Turkish traveller Evliya Celebi also visited Denizli and mentioned the town as follows in his “book of travels” 300 years ago: "The city is called such as there are several rivers and lakes around it. In fact it is a four day trip from the sea. Its fortress is of square shape built on a flat place. It has no ditches. Its periphery is 470 steps long. It has four gates. These are: painters gate in North, saddle-makers gate in the East, new Mosque gate in the South, and vineyard gate in the West. There are some fifty armed watchmen in the fortress, and they attend the shop. The main city is outside the fortress with 44 districts and 3600 houses. There are 57 small and large mosques and district masjids, 7 madrassahs, 7 children's schools, 6 baths and 17 dervish lodges. As everybody sat in vineyards the upper classes and ordinary people do not flee from each other." Evliya Celebi (also known as Dervis Mehmed Zilli) was one of the most famous Ottoman travelers, who traveled throughout the territories of the Ottoman Empire and the neighbouring lands over a period of 40 years. ... A Madrasah complex in Gambia The word madrasah in Arabic as well as in other Islamic languages such as Urdu, Persian, Turkish, Indonesian etc. ...


After World War I, when the Greek army arrived in Izmir on May 15, 1919, one of first centres of Turkish resistance formed in Denizli. Resistance against the Greek invasion began with the first open air meeting held in Denizli. Turkish militia forces formed their lines on the Menderes front organized by Yoruk Ali and Demirci Efes, involving large numbers of volunteers from the local peasantry. Stiffened by the Turkish regular army, Greek forces were repelled, and Denizli remained in Turkish hands throughout the Greco-Turkish War. Shows the Location of the Province İzmir Izmir from space, June 1996 Izmir (Turkish spelling İzmir, contraction of its original Greek name Smyrna, Σμυρνη), the second-largest port (after İstanbul) and the third most populous city (2,409,000 in 2000) of Turkey is located on the Aegean Sea near the... The Greco-Turkish War occurred after World War I , when the Greeks attempted to extend their territory beyond eastern Thrace (in Europe) and the district of Smyrna (Izmir; in Anatolia). ...


Historical Places

  • LAODICEA

Laodicea is a city 6 km North of Denizli near the village of Eskihisar, established by Seleucid King, Antiochus II in honor of his wife, Laodice. This trading city was famous for its woolen and cotton cloths. A letter written by a Laodecian says; “I am happy. I have fortune and I am not in need of anything.” Following a large earthquake which destroyed the city, what remains of the ancient city are one of the seven churches of Asia Minor, the stadium, the amphitheatre and the odeon, the cistern and the aqueduct. The Seleucid Empire was one of several political states founded after the death of Alexander the Great, whose generals squabbled over the division of Alexanders empire. ... Coin of Antiochus II Theos (261-246 BC) Antiochus II Theos (286 - 246 BC reigned 261 - 246 BC) succeeded his father Antiochus I Soter as head of the Seleucid dynasty on 261 BC. He was the son of Antiochus I and princess Stratonice, the daughter of Demetrius Poliorcetes He inherited... Anatolia (Greek: ανατολη anatole, rising of the sun or East; compare Orient and Levant, by popular etymology Turkish Anadolu to ana mother and dolu filled), also called by the Latin name of Asia Minor, is a region of Southwest Asia which corresponds today to the Asian portion of Turkey. ... The Olympia Stadium: start and finish lines visible, defining the length of one stadium (in this case 192. ... The name amphitheatre (alternatively amphitheater) is given to a public building of the Classical period (being particularly associated with ancient Rome) which was used for spectator sports, games and displays. ... The Odeon was a building used for musical performance is Athens built in the 5th century BC. Hence, any building in ancient Greece or the ancient Roman Empire was called an odeon. ... A cistern (Middle English cisterne, from Latin cisterna, from cista, box, from Greek kistê, basket) is a receptacle for holding liquids, usually water. ... Pont du Gard, France, a Roman era aqueduct circa 19 BC, it is one of Frances top tourist attractions at over 1. ...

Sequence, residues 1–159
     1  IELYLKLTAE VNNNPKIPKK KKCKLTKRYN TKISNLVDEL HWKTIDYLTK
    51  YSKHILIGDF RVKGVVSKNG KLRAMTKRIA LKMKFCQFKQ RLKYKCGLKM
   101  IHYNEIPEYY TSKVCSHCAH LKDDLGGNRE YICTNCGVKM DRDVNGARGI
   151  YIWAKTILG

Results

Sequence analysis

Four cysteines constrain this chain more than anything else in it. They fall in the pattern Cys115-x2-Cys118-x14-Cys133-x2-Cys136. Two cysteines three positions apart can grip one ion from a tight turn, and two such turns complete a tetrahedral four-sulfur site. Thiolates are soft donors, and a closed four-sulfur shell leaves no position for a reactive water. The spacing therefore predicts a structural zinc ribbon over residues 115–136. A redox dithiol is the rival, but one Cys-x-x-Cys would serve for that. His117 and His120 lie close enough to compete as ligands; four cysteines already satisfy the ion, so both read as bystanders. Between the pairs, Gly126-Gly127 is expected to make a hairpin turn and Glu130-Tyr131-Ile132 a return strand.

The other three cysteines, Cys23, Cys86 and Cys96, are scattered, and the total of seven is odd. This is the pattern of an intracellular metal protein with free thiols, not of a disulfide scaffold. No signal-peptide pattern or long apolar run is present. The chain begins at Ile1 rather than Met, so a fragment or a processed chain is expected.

• HIERAPOLIS